If this is a matter of imposing through the threat of economic sanctions the return of Sam Rainsy and the CNRP on Cambodia’s political stage, this strategy’s initiator is on the wrong track. Since time immemorial, Cambodian political men—including Sam Rainsy—have made their arrangements, marriages, divorces and remarriages based on an alchemy that is their own. Who could blame them?
It does often happen that the more one imposes, the less one induces and the more one indisposes. No doubt, it is the case here even more than elsewhere.
Moreover, what are worth the EU threats in view of the Chinese giant’s promises of unlimited assistance?
A strategy of tension is doomed in advance to fail and, if maintained, will bring on the EBA’s suspension.
A social crisis in sight?
Some people claim that this will in no way affect the country’s economy, betting on the Chinese investors’ heightened dynamism in Cambodia, which could create as many jobs as those that would disappear in the garment sector.
Whether this is the case remains to be proven and, if it actually is, it is not sure that this would reassure garment workers finding themselves on the streets due to their factories being relocated in countries having become more advantageous for the sector’s investors.
On the one hand because their skills are not those demanded in construction, tourism, the hospitality industry and the leisure sector, which Chinese investors fund.
On the other hand because wages and social conditions will be reduced. Regarding the cynics who rejoice that the EBA suspension might help put an end to a sector in which prevails workers over-exploitation, one should remind them that this is the most protected and closely watched sector in the country.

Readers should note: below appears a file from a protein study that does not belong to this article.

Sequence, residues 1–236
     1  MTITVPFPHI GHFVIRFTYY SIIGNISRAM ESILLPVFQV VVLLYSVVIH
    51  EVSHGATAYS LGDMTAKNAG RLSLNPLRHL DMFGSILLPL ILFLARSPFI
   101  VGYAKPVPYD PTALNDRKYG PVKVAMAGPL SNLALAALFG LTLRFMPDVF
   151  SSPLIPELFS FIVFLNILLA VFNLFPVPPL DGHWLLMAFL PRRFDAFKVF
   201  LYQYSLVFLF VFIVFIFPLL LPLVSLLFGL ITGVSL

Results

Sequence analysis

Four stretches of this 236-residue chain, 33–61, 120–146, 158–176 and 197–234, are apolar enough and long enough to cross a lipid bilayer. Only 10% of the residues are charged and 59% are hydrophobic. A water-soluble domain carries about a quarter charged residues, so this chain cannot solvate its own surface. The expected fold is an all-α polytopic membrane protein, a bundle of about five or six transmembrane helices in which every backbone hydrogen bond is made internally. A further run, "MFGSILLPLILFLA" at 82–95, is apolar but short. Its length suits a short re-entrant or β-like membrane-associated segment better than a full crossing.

Since January, the minimum salary has gone up to US$183 plus various bonuses enabling a worker to earn a minimum of US$200 per month from 16 years old on and without qualification.
Numerous factories paying on a piecework basis make it possible to earn US$300 to US$400 per month. Moreover, workers in this sector benefit from social security and 18 paid holidays in addition to all national holidays.
In other words, the 700,000 garment-sector workers would have a great deal to lose from the EBA suspension, and a serious social crisis could ensue, the more so that they help support their families in the countryside who would see one source of revenues run out.
What the EBA provided them on one hand, the EBA suspension would take away from them on the other.
Some economists predict that, by 2030, Cambodia, with the benefit of growth, will no longer be eligible in direct proportion for this preferential program, and that its eventual suspension might be an opportunity to prepare for this from now on. Easy to say when one lives in macroeconomics but hard to take when one earns a living working in that sector.
Suspension or abandonment?
A null and void political outcome, a potential social crisis: the EBA suspension does not bode well in the short term.
And what can one say of the EU’s long-term economic and political position in Cambodia with the country’s Chinese friends ready to seize every opportunity to acquire more and more portions of the market.
Finally, this raises one question: Would the EBA suspension be an indication that the EU is deserting Cambodia, leaving the future of the country play itself one-on-one with China.
If this is not the case, this is all but a good idea.